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Comment Re:Somebody had to write it (Score 1) 312 312

I think the author, using the "offensive-computing" nick, knew very well that this would trigger a discussion and that's probably the reason this project was created in the first place.

Yes, mod this up as the most insightful contribution to the thread so far. Although the author is careful to use other example in the readme, the code and example application are (provocatively) written to discriminate against everyone except the usual racist definition of 'white Europeans'. The 'European' group of reference populations defined by 23andme would normally include Ashkenazi Jews:

https://customercare.23andme.c...

but this group is explicitly excluded by offensive-computing:

https://github.com/offapi/rbac...

Comment Re:Google is becoming irrelevant (Score 4, Insightful) 165 165

Google won't think for you.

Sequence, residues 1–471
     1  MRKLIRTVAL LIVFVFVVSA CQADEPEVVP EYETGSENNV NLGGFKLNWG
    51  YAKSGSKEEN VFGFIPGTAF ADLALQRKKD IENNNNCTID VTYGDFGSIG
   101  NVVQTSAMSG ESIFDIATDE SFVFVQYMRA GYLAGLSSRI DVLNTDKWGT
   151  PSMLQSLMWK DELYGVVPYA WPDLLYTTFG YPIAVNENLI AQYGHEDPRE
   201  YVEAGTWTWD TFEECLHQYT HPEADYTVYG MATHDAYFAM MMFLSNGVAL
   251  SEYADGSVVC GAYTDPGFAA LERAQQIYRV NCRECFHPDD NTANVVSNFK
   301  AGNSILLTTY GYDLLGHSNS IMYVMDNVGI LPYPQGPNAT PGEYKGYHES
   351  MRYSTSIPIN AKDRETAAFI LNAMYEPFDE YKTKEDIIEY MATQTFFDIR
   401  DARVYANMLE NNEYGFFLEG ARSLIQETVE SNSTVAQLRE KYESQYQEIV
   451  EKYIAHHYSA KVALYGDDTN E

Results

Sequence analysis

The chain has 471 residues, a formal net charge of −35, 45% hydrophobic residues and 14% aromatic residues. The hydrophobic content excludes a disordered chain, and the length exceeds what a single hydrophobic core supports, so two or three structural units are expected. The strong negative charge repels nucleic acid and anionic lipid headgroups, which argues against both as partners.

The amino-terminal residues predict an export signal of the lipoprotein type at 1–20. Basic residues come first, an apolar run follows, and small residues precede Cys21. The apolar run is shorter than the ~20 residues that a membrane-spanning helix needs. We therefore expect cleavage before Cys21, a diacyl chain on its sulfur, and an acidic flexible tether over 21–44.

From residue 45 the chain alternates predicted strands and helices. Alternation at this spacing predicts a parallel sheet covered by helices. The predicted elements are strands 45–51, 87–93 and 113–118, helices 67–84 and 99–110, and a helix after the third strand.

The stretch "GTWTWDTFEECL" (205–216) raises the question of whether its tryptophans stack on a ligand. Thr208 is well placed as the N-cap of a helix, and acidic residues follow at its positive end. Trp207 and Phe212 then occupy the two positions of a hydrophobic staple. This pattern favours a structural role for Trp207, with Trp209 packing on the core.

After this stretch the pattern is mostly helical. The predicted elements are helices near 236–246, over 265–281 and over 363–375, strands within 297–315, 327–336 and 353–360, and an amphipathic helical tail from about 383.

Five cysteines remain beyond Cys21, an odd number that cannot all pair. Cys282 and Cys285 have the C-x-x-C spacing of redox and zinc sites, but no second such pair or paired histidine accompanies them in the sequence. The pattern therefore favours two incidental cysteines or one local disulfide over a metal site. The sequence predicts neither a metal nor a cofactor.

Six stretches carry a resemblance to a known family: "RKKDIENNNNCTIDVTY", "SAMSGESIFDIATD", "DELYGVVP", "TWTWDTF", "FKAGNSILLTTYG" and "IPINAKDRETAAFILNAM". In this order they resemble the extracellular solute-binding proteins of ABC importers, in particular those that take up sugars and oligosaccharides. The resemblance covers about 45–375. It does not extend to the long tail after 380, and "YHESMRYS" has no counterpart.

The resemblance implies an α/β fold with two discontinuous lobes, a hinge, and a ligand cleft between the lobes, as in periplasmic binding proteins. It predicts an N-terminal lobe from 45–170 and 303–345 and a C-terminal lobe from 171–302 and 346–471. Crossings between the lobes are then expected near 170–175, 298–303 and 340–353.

Unfortunately, Google tries to think for you all the time, and usually make a bad job of it. You can't possibly be searching for [thing you typed], you must mean [thing with a similar name that's much more popular on social media this week]. You don't want established information about [thing you typed], you want 3 search pages of the same [parroted news story vaguely related to thing from this morning]. You don't want [famous torrent site], you want [misleadingly named malware domain because we've nuked the actual site for some mysterious reason of our own]. Once upon a time, Google was used by people who were happy to think for themselves. Now it targets the mass market, and has algorithms designed to second guess poorly constructed searches at the expense of dumbing down the experience for the minority of users who can put together a precise set of search terms. It feels like a blunt instrument now - finding anything obscure always seems to need multiple quoted strings (like AltaVista back in the day) and Verbatim mode.